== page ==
With recession looming consumers and businesses are tightening the purse strings. However, the temperamental market may actually be a boon to Apple, according to a number of analysts who’ve been commenting on Apple’s ability to weather the recession while the rest of the industry falters.
Why the confidence in Apple? One reason is that the company is already making gains. According to NPD data, while the PC market saw a gain of 20 per cent year-on-year in February 2008, Apple saw 60 per cent growth.
Some would argue that Apple is small fry in a big market. According to IDC, Apple’s worldwide market share grew from 2.4 per cent in 2006 to 2.9 per cent in 2007. However, talk of Apple’s market share is misleading. Market share counts all sales including enterprise, a segment Apple is not aggressively targeting. In the consumer market, where Apple does compete, Piper Jaffray analyst Gene Munster estimates the Mac’s share is now 10 per cent worldwide and 21 per cent in the US.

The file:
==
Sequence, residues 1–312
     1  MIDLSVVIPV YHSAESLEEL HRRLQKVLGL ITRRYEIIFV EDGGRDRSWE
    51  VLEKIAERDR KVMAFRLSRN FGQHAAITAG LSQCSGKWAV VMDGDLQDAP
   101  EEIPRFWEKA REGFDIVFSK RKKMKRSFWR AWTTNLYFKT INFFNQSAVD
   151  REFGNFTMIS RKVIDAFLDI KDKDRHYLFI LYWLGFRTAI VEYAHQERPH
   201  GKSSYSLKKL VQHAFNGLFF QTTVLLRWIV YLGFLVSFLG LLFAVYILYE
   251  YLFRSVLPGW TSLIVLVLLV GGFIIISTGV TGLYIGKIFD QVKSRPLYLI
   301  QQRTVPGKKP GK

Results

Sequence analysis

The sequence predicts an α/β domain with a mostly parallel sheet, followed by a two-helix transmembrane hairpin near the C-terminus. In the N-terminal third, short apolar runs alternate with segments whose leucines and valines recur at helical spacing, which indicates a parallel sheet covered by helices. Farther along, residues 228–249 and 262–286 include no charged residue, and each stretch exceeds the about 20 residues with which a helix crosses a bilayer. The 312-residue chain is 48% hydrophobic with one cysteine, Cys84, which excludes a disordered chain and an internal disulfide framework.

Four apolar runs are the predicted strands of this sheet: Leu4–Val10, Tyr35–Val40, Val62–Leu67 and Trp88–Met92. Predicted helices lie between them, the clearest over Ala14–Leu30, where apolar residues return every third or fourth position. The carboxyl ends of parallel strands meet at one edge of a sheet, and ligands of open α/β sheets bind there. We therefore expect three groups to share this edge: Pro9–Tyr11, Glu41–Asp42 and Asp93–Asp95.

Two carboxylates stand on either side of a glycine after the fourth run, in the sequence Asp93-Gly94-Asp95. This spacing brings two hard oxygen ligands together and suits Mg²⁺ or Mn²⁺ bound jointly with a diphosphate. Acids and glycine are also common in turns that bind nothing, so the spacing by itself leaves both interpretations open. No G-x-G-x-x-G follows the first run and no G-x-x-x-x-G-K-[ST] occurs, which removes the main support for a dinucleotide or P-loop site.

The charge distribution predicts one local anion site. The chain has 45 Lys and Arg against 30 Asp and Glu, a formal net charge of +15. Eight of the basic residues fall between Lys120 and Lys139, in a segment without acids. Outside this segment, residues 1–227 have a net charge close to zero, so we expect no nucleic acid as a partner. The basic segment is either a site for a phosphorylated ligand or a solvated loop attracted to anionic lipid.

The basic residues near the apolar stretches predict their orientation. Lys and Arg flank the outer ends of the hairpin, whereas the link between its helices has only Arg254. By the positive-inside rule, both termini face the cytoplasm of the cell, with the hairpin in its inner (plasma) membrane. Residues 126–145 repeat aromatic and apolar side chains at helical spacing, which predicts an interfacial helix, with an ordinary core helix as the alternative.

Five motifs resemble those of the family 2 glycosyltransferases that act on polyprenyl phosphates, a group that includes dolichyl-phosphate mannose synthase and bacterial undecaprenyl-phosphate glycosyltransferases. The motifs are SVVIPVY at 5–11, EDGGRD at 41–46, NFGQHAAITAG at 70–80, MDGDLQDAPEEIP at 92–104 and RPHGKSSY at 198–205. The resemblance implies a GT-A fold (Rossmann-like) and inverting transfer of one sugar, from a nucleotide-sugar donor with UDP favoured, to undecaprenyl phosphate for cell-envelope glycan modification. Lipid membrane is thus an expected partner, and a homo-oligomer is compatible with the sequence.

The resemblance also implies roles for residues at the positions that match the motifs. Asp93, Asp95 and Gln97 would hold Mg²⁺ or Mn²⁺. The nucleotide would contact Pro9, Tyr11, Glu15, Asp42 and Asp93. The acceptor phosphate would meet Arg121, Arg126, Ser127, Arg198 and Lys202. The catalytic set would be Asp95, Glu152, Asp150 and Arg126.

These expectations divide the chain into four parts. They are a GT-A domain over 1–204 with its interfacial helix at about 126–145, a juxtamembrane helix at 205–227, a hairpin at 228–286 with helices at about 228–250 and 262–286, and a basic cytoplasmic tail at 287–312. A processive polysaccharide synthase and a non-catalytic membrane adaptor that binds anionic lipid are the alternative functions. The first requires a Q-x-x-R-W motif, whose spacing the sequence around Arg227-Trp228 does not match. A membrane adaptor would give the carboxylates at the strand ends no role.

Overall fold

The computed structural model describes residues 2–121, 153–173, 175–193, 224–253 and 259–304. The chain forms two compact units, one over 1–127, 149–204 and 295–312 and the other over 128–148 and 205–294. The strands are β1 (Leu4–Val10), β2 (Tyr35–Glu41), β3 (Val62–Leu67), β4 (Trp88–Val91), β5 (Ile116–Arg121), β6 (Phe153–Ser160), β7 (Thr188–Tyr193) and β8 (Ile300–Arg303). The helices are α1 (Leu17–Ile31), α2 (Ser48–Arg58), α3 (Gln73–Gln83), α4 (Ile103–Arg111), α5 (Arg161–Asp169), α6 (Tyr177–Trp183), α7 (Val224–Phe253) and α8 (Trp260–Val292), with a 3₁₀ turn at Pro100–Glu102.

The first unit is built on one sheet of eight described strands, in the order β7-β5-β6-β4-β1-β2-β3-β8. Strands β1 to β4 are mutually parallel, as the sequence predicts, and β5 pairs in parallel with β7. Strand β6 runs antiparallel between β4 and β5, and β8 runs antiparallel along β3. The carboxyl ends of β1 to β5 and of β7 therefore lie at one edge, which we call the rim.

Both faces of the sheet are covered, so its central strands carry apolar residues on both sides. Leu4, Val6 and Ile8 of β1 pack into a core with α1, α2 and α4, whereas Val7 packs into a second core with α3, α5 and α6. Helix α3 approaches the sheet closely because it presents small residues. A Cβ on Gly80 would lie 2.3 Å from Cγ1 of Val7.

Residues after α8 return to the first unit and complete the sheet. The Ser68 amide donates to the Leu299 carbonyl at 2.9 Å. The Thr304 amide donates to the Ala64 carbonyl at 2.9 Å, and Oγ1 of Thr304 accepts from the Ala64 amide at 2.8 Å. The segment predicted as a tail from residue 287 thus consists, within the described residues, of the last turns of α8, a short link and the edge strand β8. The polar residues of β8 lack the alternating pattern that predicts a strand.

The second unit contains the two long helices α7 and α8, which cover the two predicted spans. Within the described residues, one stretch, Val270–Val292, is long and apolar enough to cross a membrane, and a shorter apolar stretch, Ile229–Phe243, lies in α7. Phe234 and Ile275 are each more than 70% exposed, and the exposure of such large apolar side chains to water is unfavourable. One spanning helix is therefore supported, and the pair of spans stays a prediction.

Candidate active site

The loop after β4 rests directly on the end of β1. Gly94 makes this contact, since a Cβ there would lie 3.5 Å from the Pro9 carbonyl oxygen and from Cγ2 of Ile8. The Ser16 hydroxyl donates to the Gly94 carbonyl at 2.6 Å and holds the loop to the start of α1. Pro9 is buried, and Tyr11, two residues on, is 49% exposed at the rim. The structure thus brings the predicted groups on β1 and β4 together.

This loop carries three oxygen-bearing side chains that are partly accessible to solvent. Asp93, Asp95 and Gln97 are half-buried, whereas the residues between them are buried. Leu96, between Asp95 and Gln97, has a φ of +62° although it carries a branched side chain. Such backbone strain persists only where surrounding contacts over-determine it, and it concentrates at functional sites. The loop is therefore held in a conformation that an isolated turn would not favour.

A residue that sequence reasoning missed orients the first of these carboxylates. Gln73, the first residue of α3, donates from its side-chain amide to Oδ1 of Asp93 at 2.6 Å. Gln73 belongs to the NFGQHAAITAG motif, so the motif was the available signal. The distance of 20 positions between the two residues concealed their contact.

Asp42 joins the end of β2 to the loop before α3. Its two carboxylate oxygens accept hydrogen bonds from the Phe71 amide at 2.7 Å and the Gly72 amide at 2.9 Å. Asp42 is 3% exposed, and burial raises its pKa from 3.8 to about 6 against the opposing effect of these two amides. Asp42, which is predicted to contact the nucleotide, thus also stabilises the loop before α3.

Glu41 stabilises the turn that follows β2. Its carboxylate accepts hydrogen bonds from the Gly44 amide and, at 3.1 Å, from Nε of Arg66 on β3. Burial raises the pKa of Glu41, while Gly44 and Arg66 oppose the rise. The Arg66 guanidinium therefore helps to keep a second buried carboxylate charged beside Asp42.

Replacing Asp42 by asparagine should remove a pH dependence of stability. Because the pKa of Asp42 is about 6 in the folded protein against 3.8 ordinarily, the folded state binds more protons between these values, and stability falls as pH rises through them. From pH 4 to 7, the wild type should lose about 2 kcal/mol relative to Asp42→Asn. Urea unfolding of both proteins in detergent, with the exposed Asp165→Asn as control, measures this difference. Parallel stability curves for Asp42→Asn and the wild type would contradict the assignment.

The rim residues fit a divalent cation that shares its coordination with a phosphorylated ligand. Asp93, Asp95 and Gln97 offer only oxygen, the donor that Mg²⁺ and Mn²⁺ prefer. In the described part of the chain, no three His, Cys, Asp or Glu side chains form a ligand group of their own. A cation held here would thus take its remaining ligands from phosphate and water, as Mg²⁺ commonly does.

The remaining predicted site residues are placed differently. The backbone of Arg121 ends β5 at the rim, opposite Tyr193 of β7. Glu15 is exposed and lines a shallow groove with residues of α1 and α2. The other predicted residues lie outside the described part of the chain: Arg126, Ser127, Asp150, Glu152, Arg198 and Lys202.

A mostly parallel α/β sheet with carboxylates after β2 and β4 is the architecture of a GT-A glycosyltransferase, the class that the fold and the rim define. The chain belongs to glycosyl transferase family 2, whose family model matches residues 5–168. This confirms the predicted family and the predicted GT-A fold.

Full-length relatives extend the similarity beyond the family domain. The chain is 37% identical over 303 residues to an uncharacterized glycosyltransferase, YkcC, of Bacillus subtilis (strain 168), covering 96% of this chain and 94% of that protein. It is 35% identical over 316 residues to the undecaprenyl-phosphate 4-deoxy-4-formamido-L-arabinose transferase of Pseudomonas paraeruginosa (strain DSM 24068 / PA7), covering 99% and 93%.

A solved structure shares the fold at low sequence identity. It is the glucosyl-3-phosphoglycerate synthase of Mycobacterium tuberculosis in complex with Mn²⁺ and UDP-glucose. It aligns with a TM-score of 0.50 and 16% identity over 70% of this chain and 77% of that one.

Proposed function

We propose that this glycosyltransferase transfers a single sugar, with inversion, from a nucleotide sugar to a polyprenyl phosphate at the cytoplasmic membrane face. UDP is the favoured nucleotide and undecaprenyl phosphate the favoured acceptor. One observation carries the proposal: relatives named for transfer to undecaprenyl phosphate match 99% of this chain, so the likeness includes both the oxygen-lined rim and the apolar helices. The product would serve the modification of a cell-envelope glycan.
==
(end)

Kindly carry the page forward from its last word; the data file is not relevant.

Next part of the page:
Recession, or fear of recession, should have consumers thinking twice about spending money, but when ChangeWave researchers looked at the buying plans of US consumers they found that those wishing to buy a Mac was not decreasing at the same rate as those wishing to buy a PC.
So, why are consumers prepared to splash out on a Mac even when times are hard? Well, it can’t be price – the perceived high cost of Macs would surely be a disadvantage in a recession. Maybe there’s just something about Apple and once you own an iPod there is no turning away from the Cult of Mac. A slightly more realistic reason is Apple’s presence in so many high streets. There are hundreds of stores in the US, and a pretty decent 15 here in the UK now, with more to come. It’s harder to keep the purse strings pulled tight when confronted with Apple goodies galore.